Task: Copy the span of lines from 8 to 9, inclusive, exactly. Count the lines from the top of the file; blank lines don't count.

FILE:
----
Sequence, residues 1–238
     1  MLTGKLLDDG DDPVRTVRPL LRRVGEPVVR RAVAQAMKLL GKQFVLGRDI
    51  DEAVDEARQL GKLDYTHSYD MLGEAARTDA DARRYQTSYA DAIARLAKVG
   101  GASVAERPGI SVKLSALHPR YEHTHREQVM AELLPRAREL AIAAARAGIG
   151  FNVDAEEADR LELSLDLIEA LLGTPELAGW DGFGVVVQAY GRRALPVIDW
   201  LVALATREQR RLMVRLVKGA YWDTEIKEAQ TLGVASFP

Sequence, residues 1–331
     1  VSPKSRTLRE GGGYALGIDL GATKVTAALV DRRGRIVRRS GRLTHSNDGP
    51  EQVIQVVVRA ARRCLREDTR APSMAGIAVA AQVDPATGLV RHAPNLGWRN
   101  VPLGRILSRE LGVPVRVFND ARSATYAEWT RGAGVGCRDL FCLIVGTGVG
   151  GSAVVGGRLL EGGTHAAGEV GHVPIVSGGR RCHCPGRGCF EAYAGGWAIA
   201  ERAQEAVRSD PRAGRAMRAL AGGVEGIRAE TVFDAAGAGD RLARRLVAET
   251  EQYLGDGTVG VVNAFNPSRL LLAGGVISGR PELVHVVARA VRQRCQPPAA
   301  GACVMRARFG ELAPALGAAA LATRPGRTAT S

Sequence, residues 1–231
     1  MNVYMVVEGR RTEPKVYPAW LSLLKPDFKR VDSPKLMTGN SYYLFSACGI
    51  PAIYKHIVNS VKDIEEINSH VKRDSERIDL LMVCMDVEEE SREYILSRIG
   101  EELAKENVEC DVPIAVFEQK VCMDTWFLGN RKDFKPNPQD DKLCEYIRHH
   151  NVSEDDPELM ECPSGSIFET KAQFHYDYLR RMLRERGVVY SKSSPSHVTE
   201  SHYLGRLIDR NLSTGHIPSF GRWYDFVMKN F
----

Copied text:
     1  VSPKSRTLRE GGGYALGIDL GATKVTAALV DRRGRIVRRS GRLTHSNDGP
    51  EQVIQVVVRA ARRCLREDTR APSMAGIAVA AQVDPATGLV RHAPNLGWRN